Spideroo, Spidora or “That Spider” – whichever name they go by, love them or hate them, one thing is sure: spiders are beneficial to have in the garden. Spiders help with the control of insects like mozzies, flies and some larger bugs like crickets. I welcome spiders in my garden and find it quite fascinating to observe them.
In our household spiders all have names. Rain spiders all go by the name of Ringo. Officially they are called Palystes superciliosus which sounds a bit like a spell from Hogwarts. Just the thing that some of you may wish you had if you came across one of these hairy, long-legged arachnids in the garden!
They are actually quite harmless. Their bodies are usually no more than 3.5cm in length but it is their 10cm leg span that makes them look a bit scary.
Rain spiders are sometimes found indoors before a rainy spell which may be how they earned this name. Usually my spider evacuation kit consists of a drinking glass and a small square of cardboard. I use this to relocate any spider found in the house back to the garden.
When I hear my husband yell from the other end of the house, “Natalie! There’s a Ringo in the lounge!”, then I know the spider evacuation kit needed is going to have to be a large Tupperware bowl and lid. It is usually me up on the chair trying to get the spider into the bowl while hubby supervises from a safe distance.
All Ringos are safely returned to the garden. I can just imagine an account of their experience. “You know I was captured by a giant and whisked away in a UFO which transported me to this world far away.”
Rain spiders are hunters meaning they do not catch their prey in a web. This makes sense when you consider their diet consists of crickets, cockroaches and even geckos.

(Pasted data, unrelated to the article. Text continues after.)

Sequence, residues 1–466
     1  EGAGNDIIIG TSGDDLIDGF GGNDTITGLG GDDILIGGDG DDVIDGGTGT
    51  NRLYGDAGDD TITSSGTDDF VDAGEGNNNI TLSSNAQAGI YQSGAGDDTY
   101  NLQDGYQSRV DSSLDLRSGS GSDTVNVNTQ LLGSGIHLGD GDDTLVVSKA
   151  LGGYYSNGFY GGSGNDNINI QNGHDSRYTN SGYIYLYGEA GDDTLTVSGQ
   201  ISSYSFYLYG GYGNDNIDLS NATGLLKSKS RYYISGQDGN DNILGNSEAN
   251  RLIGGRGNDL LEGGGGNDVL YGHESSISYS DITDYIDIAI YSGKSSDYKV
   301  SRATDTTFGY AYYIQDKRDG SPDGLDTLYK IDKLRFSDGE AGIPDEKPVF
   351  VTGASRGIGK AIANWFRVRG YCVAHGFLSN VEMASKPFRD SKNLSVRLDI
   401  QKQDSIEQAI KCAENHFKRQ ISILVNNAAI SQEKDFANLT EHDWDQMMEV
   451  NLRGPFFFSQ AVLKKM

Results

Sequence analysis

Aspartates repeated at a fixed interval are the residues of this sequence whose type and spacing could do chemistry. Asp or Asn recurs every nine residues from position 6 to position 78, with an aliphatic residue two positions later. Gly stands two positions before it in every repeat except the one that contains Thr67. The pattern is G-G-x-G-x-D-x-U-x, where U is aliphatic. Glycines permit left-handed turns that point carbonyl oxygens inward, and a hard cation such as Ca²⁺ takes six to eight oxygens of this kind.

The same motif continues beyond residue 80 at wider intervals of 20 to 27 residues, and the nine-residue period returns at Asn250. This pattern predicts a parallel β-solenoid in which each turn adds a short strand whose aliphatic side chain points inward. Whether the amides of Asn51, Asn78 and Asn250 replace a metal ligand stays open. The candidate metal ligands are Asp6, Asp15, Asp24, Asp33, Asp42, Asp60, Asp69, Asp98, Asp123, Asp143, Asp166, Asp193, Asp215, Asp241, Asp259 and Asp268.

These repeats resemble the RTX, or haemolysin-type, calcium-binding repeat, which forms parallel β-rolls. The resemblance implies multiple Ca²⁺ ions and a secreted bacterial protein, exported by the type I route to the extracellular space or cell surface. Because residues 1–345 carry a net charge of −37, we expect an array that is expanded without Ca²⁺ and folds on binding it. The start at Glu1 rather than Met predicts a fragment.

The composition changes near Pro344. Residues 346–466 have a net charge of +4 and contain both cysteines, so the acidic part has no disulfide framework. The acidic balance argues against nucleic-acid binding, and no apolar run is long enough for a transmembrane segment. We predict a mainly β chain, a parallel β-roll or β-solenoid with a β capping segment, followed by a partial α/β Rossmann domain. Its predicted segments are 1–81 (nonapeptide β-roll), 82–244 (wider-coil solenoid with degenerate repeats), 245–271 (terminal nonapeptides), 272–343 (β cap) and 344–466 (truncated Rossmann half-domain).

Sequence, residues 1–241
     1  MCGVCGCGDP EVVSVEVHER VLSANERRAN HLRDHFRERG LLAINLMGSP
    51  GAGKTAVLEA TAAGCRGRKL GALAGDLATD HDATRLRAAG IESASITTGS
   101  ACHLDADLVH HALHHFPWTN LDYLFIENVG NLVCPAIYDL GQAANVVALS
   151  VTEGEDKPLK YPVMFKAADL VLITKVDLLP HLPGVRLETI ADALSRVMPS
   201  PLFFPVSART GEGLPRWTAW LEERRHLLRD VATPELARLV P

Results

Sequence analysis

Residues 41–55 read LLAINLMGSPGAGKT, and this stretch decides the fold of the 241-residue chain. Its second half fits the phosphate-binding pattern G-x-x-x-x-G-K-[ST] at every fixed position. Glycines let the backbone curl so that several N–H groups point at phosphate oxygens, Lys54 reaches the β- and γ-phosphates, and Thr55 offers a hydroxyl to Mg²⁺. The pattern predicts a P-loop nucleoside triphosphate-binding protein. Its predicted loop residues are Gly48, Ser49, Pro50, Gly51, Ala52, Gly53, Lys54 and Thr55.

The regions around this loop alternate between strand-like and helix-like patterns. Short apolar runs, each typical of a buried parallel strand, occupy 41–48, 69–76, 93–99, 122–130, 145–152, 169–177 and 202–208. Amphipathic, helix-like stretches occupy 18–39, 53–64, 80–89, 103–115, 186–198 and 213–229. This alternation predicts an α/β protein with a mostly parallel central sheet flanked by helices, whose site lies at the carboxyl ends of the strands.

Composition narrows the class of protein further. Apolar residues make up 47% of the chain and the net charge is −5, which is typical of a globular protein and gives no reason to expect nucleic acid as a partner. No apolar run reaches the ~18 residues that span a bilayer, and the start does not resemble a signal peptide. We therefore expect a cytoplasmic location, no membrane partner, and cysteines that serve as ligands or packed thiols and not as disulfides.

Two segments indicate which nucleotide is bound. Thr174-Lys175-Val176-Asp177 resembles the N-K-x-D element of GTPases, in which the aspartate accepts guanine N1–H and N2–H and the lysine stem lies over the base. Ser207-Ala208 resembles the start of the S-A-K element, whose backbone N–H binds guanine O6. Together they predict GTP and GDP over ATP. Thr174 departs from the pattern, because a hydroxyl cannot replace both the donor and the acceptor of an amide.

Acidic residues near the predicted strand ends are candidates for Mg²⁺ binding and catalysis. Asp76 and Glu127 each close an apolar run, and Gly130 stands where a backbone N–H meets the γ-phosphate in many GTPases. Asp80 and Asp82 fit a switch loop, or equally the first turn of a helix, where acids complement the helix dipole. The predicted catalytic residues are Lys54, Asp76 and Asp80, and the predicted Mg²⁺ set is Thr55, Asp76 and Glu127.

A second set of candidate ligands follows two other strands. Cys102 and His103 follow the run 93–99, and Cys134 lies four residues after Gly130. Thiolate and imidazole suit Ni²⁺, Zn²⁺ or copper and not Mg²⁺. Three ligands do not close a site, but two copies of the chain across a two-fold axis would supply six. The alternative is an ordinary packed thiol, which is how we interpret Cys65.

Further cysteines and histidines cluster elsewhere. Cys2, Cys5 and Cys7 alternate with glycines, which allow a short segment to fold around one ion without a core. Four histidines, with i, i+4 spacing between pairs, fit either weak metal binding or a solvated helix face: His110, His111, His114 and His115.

Female Rain spiders construct a nest for their eggs which is made of dried leaves and twigs held together in a silk net. The egg sac is usually suspended between plant leaves and branches. She will guard it fiercely until her spiderlings have hatched and emerged from the nest. Interestingly it takes her about three to five hours to build the egg sac. You may spot these in the garden during the summer months so do approach them with caution as Mrs Ringo will nip you if you get too close.
Hairy Field Spider
Meet Gustav. Gustav is an orb-weaving spider called Araneus. sp (aka hairy field spider). He’s nocturnal and spends his days sleeping with his legs pulled into a tiny ball tucked away safely from sight.
He can be observed spinning a new web after sunset and then patiently waiting, hanging with his head pointing downwards, for something to fly into his web. Hairy field spiders’ prey consists of moths, mosquitoes and other flying insects.
Because they dismantle their webs at dawn, one may not even be aware that a Gustav was there during the night. So if you do go out on a slug or snail hunt late one evening it is best to be on the lookout for these spiders or you could walk head first into a web. And we all know that would not be a fun experience for you nor the spider!